Managers of Bu Gia Map National Park, located in Binh Phuoc Province, southern Vietnam have decided to welcome fully vaccinated tourists and reorganize ecotourism activities from January 10, following months of closure due to COVID-19.
Visitors who wish to participate in Bu Gia Map tours must possess a ‘green card’ proving their full COVID-19 vaccination, with their last dose having been administered at least 14 days and no more than 12 months from the time they arrive at the national park, according to their announcement.
To ensure COVID-19 prevention and control, visitors must adhere to government-mandated physical distancing and healthcare protocols.
|A photo captures a waterfall in Bu Gia Map National Park, Binh Phuoc Province, Vietnam. Photo: N.N. / Tuoi Tre|
Visitors must come to the entrance of the national park to make health declarations using the PC-COVID app and scan QR codes before paying the entrance fees.
Besides, they must comply with regulations on visiting the park.
Travelers who come from localities at low, medium, and high risk of COVID-19 transmission must hold a negative RT-PCR or rapid test result issued no more than 72 hours before entry.
The National Park Management Board recommends not accepting visitors from a locality at very high COVID-19 risk, or people who have not been vaccinated against the respiratory disease.
Binh Phuoc has removed all COVID-19 checkpoints so visitors who meet the above requirements when coming to the province will no longer have to undergo medical isolation.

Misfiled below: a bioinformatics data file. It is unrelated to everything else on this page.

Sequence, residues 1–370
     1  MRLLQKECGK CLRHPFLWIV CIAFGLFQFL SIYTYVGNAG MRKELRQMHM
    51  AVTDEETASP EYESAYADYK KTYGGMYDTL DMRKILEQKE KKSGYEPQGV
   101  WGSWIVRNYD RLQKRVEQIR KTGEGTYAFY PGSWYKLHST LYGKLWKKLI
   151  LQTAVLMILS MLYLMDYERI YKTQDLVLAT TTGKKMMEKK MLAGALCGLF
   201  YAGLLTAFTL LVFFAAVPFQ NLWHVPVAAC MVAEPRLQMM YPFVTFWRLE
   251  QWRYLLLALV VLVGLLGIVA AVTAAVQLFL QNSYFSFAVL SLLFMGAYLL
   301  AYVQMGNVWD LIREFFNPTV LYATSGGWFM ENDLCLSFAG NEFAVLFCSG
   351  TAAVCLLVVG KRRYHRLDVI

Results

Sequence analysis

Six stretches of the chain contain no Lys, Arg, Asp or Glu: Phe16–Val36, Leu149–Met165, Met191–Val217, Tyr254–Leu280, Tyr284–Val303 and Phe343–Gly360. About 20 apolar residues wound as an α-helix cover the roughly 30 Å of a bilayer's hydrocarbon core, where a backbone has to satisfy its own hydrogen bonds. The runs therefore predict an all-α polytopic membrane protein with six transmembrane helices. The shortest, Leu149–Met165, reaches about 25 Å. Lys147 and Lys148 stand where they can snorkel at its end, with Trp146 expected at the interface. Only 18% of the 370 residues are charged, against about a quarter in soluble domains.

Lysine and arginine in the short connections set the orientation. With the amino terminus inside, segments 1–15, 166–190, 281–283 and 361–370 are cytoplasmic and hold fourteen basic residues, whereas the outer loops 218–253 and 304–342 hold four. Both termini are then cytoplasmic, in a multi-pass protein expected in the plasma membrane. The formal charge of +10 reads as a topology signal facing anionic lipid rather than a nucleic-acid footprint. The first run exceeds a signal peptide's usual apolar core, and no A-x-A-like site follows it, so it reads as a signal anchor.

Bu Gia Map National Park has a total area of 25,601.18 ha.
The park currently has 1,117 species of flora, including many rare and valuable ones such as rosewood, narra padauk, santai wood, nageia fleuryi and over 278 species grown for medicinal purposes.
The park also has more than 400 fauna species.
It is inhabited by 105 species of mammals, of which 30 are in Vietnam’s Red Book, and 246 species of birds, of which 10 are critically endangered like Great hornbills, Siamese firebacks, Brown fish owls, Wreathed hornbills, Peafowls, Orange-necked partridges, Germain's swiftlets, and more.
The reserve is home to more than 70 species of reptiles, 16 being listed in Vietnam’s Red Book.
This is also the habitat of many wildlife species, including sun bears, leopards, Asian wild dogs, Gaur, Germain's peacock-pheasants, elephants, and others, which are included in Vietnam's Red Book.
Many primate species, such as pig-tailed macaques, crab-eating macaques, stump-tailed macaques, red-shanked doucs, yellow-cheeked gibbons, and others, inhabit the national park.